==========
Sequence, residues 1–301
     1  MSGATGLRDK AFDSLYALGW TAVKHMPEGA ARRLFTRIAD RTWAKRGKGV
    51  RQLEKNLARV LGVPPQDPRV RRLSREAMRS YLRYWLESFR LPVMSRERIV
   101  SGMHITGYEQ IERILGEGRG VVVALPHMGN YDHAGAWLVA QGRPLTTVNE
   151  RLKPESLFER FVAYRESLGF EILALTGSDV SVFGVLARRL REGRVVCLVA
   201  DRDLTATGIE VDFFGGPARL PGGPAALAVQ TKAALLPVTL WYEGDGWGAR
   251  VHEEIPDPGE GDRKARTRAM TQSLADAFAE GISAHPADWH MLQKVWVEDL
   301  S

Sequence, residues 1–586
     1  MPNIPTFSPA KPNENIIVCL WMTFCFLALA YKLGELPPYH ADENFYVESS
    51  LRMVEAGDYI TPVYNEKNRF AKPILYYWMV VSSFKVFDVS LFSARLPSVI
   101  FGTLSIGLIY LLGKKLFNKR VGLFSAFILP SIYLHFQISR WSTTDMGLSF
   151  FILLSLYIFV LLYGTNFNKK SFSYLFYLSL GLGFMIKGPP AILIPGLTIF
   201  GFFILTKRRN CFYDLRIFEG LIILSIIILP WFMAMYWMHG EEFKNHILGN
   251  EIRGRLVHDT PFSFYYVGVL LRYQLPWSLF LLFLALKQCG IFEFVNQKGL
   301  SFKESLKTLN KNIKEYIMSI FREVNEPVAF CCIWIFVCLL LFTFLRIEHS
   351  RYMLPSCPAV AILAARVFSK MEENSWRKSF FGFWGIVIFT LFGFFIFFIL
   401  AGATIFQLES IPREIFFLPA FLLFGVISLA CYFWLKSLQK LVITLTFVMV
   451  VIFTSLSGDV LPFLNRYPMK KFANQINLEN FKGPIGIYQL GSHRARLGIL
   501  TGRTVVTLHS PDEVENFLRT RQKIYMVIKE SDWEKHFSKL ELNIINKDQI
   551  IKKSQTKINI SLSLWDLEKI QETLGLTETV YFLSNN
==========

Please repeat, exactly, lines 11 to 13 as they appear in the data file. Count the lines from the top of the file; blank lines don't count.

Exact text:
    51  LRMVEAGDYI TPVYNEKNRF AKPILYYWMV VSSFKVFDVS LFSARLPSVI
   101  FGTLSIGLIY LLGKKLFNKR VGLFSAFILP SIYLHFQISR WSTTDMGLSF
   151  FILLSLYIFV LLYGTNFNKK SFSYLFYLSL GLGFMIKGPP AILIPGLTIF